I actually used him as a reference when I applied with Heat + Herb. 

 

DK:

Oh, that’s awesome. Yeah, you know, he was the first guy – I’ve never had social media in my life until I got into this space. So my wife and I, we’d be laying in bed and we’re flipping through Instagram and looking at other cannabis companies and that sort of stuff. And Greybeard, with Bubba – he always really stood out to me, with the stuff that he was doing, how he was connecting with the retailers. 

 

H+H:

Their marketing and branding is great. I worked with him on a chain wide display showcase at my last job, and the materials they created at his farm in Hamilton for it were awesome. 

 

DK:

I’m always trying to one up somebody that’s come up with a great idea, and we were watching them dealing out his boxes on social media-

 

H+H:

The wooden crates, and the crow bar. That’s actually how I first met him. It was such a great idea and memorable experience for me, even just talking with him afterwards. Connecting with him through that, I then prioritized working with Greybeard when I got to the Head Office level for that company. 

 

DK:

Yeah, man. Retailers just loved it, opening the crate with him was just such a cool experience. My wife and I were trying to figure out how we could one up that idea, something that fit our brand. Like a little hockey bag kind of thing from the legacy days that we could share with retailers and open up, but that guy there, man, I looked up to him – I still look up to him, 100%. 

 

H+H:

Bubba is super inspiring and exactly the type of person I love collaborating with and supporting in this industry

 

DK:

 

Yeah, so at the AR Cannabis Cup when we won he came up on the stage with me, and I shook his hand – it was a really surreal moment, and I got to tell him how much I looked up to him and how much I respect everything he’s done. 

 

H+H:

Yeah, he’s super driven and has earned every bit of his success 

 

DK:

Yeah, I mean he’s on the road over 300 days a year traveling across Canada. At one point I was looking to hit every spot in BC, and man, you really have to dedicate yourself to that grind. So hats off to him, and yeah he’s someone I really admire. 

 

H+H:

And there’s a reason why Aurora bought Greybeard, right? It was to install those guys to be the engine that powers the company. 

 

Who Else is Most Responsible for Pistol & Paris’ Success? 

 

H+H:

Okay, so speaking of successes in the cannabis industry, aside from yourself, who is the most responsible for Pistol & Paris’ success?

 

DK:

My wife, Brittany, without a doubt. She’s so supportive of me with building the brand and building our facility out in Agassi. You know, I’m not gonna lie, there’s been times where I felt like this is just so challenging what I’m doing in this space and I’m not a quitter, whatsoever, but Brittany really encourages me to stay focused, to stay the course, and to keep doing what I’m doing.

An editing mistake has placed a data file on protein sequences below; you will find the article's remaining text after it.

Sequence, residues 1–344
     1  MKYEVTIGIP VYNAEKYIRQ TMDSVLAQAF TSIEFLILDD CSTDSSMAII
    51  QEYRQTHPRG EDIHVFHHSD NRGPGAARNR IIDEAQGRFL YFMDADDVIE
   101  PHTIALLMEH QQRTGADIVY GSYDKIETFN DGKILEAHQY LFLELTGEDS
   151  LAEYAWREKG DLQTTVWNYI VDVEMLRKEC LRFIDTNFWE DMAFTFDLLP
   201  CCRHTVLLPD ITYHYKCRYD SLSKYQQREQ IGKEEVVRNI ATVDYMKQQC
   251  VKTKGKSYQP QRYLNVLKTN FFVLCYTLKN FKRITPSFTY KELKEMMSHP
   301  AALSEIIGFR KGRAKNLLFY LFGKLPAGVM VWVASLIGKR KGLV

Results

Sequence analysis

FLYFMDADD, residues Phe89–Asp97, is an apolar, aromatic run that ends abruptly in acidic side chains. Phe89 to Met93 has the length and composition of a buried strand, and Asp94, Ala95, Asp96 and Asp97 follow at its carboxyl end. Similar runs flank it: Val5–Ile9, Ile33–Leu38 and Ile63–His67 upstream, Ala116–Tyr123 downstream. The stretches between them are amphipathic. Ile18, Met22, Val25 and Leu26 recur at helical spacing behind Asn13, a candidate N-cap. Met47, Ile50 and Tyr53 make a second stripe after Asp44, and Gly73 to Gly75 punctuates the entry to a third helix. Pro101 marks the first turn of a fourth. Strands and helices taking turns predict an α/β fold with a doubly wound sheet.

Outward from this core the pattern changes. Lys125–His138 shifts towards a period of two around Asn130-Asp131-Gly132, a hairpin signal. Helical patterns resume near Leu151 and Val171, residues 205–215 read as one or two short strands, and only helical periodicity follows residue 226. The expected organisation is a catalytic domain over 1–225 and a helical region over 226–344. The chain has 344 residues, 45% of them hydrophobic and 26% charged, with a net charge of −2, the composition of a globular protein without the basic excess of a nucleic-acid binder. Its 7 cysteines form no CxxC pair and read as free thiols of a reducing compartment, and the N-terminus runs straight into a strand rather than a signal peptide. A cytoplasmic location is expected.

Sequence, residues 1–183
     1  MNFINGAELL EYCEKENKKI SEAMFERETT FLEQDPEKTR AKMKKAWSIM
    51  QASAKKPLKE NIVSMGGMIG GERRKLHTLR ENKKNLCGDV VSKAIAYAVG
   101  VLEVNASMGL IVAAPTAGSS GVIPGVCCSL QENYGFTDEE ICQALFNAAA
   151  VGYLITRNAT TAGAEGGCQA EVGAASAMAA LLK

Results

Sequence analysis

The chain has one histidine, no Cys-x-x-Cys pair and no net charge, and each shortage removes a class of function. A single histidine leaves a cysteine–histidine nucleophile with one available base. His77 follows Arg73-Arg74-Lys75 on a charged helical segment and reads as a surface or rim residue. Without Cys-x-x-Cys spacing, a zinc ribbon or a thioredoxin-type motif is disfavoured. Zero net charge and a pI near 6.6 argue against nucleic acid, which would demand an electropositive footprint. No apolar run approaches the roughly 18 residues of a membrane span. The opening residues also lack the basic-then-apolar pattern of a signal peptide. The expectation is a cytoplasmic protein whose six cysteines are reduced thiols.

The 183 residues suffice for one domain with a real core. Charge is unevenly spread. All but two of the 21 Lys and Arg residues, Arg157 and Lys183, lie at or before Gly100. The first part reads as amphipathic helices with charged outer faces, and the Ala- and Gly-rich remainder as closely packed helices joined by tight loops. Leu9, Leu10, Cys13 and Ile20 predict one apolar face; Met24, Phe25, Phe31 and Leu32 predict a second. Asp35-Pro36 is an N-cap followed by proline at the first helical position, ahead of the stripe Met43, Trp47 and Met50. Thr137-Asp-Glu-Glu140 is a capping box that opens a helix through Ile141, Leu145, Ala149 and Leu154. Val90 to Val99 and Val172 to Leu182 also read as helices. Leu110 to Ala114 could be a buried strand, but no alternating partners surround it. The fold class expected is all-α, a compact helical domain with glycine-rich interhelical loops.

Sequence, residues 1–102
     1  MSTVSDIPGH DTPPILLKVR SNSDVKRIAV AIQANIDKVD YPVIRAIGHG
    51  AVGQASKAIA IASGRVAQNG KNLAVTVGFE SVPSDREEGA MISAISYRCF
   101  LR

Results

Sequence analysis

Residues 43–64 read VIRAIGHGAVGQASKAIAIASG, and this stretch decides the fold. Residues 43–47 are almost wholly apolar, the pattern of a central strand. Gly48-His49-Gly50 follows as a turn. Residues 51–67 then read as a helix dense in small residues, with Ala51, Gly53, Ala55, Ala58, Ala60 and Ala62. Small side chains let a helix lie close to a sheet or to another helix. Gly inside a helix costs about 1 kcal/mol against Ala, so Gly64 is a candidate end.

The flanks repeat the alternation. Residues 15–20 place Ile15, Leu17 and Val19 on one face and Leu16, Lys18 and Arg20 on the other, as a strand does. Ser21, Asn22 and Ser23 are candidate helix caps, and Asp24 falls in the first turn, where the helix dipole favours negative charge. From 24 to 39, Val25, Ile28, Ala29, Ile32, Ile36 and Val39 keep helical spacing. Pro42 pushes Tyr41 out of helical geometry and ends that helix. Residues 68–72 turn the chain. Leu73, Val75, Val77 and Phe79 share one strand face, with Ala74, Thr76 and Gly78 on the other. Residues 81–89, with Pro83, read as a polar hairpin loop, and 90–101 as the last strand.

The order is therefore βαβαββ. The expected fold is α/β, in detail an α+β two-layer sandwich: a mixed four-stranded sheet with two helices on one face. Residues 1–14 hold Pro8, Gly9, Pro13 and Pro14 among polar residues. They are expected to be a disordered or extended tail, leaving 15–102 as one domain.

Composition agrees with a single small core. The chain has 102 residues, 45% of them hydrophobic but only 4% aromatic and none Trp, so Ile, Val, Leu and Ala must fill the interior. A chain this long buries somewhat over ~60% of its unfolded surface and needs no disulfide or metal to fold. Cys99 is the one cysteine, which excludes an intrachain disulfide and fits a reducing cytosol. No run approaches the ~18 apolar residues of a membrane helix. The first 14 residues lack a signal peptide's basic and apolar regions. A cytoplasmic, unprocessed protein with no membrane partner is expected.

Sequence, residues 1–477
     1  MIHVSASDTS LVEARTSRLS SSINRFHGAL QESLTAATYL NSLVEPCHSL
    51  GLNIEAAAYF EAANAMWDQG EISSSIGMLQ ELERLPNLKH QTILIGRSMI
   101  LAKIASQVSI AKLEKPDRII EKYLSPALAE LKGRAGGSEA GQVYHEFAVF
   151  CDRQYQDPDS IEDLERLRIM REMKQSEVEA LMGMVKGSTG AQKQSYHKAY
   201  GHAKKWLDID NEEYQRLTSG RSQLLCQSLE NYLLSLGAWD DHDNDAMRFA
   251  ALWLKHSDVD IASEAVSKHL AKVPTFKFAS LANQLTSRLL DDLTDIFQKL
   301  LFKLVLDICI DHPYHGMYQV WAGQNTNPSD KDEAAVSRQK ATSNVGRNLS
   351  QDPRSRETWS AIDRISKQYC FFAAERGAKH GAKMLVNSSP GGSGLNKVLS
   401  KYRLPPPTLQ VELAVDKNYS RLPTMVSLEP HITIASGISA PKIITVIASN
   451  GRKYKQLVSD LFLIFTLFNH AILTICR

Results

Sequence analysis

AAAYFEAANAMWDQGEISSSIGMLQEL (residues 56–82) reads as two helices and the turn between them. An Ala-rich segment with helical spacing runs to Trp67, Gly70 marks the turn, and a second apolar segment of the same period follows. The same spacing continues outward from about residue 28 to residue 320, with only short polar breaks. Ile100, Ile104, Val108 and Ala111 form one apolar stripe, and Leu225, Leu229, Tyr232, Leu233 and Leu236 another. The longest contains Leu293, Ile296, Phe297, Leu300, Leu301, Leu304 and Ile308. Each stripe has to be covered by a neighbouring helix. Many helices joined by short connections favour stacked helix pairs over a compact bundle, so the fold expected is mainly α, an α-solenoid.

H+H:

That’s great. Cannabis is all about relationships, too, right? Just in general. But it’s always cool to see a husband and wife killing it in the cannabis space. Reminds me a bit of another micro we featured on the Highway. Smoker Farms and Jeff & Sheri Aubin who are also a husband and wife team as well. They have such a passion for the plant, and it really shines through in their product. 

 

DK:

For sure. My wife and I met in 2015 and she’s actually the exact opposite of me. 

 

H+H:

Opposites attract right? 

 

DK:

Yeah, she’s just a really chill person. She does yoga and meditates every day, whereas I’m always hair slicked back with a million things on the go. Her and me getting together, I think she brings that calmness over me, and I bring some things out in her. So I think we just balance and compliment each other really well. And Brittany is a huge part of my, and Pistol & Paris’ success. 

 

How They Are Expanding the Brand

 

H+H:

Are there any other ways you’re looking to expand the brand? I know you have your online accessories as well, right? Is that a different website? Or?

 

DK:

Yeah, it’s its own entity – Pistol & Paris apparel. When I first came into the market, I wanted to give retailers some shirts and hats and that sort of stuff. And there were a lot of consumers wanting swag as well. So with just the overall demand from consumers, I ended up starting up my apparel site. 

 

H+H:

And what can people find there? 

 

DK:

So we’re selling all my apparel and then a bunch of accessories too. 

 

H+H:

Have you seen your swag out in the wild? 

 

DK:

Yeah actually, it’s been really cool. Like I was in Toronto, a month ago and I’m walking down the sidewalk and some guy walks past me wearing a Pistol & Paris hat, I get that all the time. Friends will see it around Kelowna, or my oldest son will be in Metrotown and see somebody walk by in a hoodie. So yeah, it’s really not something that I put all of my focus in, but it actually works really well with brand building. 

 

Lobbying & Legal Impediments

 

H+H:

Are you part of any lobbying groups?